Immunological Memory and the SARS-CoV-2 Virus

February 20, 2021
Killian Meara

Immune memory is the basis for durable protective immunity after infections or vaccinations.

Nearly all survivors of the coronavirus disease 2019 (COVID-19) develop immune cells that are necessary to fight a future re-infection. It has been discovered that people who have had the virus have protective immunity against the deadly disease for months, potentially even years, after their infection.

A study published in the journal Science discovered that key players In the immune system responsible for fighting off the specific pathogens related to SARS-CoV-2 can last in an individual’s system for at least 8 months after the onset of symptoms.

In a discussion with paper authors Jennifer Dan and Daniela Weiskopf, they talk about why immune memory is important to understand and important findings from their study.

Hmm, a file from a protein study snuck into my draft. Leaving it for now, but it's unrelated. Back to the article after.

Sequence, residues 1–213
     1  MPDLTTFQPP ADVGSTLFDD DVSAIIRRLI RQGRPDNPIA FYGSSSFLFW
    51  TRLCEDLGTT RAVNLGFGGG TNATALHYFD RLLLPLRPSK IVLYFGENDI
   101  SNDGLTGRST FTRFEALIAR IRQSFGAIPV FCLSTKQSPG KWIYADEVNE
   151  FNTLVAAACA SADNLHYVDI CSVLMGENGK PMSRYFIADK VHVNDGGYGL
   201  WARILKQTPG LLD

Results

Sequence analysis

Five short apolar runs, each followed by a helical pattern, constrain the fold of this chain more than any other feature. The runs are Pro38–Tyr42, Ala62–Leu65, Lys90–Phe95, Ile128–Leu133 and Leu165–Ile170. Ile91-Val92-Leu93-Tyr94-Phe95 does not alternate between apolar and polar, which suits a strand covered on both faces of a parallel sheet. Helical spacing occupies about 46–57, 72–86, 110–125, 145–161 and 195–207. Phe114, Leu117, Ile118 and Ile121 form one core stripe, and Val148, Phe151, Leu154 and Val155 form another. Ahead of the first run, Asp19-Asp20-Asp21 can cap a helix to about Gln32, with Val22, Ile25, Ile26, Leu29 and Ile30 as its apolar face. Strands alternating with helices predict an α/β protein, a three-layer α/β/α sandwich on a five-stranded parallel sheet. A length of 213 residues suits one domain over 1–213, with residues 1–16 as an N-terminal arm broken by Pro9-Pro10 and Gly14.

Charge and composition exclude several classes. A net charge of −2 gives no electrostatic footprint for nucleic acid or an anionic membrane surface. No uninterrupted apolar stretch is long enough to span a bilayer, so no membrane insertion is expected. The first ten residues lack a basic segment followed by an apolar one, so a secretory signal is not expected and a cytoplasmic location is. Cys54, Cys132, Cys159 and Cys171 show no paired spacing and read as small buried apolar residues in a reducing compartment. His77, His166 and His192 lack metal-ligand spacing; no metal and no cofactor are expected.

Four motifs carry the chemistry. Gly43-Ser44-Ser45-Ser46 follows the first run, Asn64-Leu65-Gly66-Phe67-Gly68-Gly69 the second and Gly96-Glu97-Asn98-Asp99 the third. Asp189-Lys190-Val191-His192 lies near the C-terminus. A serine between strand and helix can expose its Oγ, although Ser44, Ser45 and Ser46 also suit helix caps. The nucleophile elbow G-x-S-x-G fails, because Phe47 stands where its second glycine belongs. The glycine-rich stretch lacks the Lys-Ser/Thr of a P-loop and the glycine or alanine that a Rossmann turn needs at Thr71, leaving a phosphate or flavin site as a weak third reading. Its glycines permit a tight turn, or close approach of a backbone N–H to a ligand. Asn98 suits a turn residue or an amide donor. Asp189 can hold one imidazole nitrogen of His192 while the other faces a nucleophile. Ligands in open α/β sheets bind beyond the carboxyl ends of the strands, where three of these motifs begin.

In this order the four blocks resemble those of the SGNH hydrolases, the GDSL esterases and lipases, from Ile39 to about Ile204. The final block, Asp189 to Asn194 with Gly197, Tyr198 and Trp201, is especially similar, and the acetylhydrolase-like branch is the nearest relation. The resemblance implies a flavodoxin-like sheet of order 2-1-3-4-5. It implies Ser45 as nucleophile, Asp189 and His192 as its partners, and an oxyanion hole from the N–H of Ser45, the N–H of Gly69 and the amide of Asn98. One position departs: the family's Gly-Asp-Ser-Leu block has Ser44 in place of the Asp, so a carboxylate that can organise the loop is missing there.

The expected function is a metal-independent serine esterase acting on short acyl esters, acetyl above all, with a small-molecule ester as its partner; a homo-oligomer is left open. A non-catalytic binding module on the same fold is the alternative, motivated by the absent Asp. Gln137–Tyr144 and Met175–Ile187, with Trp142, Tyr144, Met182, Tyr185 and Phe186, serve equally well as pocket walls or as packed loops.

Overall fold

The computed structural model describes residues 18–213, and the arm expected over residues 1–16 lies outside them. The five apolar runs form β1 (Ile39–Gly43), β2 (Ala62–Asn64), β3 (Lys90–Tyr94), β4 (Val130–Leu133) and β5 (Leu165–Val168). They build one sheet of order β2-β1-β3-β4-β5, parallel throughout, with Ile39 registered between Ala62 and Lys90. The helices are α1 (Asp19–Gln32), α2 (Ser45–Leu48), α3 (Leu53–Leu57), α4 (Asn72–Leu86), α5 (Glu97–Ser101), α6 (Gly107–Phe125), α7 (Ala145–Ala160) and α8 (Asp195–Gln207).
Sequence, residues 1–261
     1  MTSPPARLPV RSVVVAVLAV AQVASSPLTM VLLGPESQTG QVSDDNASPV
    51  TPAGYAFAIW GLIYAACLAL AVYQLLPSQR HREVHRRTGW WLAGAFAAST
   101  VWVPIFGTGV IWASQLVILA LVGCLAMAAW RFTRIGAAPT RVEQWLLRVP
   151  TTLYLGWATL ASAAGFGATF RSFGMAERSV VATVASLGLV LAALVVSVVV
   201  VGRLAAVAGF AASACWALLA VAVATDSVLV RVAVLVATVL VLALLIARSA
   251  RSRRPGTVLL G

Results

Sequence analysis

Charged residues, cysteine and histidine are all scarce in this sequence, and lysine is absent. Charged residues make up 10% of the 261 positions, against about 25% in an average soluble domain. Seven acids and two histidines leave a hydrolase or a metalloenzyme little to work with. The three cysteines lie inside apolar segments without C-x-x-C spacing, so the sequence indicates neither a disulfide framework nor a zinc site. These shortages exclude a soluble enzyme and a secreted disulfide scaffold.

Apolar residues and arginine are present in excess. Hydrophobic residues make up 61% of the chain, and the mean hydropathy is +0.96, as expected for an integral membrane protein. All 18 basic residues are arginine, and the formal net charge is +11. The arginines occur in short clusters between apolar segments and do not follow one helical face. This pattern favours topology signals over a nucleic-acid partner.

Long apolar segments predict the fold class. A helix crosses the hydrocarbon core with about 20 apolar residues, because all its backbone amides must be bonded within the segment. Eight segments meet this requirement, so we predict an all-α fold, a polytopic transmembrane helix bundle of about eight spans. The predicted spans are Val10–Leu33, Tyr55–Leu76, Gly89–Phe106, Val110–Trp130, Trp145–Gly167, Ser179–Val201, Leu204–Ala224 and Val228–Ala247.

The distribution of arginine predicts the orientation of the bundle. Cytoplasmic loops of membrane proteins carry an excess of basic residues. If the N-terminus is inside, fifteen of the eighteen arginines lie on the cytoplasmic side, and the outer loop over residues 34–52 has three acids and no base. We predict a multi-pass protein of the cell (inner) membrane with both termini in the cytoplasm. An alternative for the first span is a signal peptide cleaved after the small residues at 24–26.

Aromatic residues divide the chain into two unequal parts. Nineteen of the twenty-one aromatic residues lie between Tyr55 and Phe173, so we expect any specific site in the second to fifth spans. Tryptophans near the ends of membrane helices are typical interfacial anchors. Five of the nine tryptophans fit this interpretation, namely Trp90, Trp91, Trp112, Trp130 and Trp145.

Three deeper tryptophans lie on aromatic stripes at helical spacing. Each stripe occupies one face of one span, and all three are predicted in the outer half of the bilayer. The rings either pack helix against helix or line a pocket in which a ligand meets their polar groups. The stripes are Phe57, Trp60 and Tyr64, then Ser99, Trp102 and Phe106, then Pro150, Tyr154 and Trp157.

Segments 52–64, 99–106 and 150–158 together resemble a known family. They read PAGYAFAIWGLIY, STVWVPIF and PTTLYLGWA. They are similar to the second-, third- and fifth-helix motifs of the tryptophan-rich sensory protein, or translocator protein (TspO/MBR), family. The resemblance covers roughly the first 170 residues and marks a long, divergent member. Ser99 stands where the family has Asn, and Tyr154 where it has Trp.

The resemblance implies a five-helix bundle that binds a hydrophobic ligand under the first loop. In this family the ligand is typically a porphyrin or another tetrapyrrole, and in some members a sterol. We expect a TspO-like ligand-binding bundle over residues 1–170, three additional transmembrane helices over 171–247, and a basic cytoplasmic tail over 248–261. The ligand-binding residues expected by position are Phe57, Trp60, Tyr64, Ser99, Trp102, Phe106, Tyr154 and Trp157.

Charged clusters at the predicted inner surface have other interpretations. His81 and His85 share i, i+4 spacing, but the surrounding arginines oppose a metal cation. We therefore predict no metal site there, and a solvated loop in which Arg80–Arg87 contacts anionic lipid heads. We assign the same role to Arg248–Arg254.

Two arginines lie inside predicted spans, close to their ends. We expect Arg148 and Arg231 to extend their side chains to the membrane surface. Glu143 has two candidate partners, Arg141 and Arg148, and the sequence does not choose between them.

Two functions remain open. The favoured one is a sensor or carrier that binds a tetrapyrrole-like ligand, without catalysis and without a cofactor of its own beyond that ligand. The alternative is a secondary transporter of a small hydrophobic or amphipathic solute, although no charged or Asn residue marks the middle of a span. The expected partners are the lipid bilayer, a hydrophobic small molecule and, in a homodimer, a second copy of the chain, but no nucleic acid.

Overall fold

“We were able to basically look up to 8 months post infection since the pandemic started in March and figure out how common the immune response would be in the general population to see if anyone did get infected would they maintain some level of protection and that does have implications for the vaccine rollout that is underway today,” Dan said.

“The good thing to see was 8 months out we still saw more than 90% have at least 3 arms of the immune system, which means we are very likely to protect against reinfection,” Weiskopf said. “What we don’t know is what is the difference in the 10% that actually drop off after an infection.”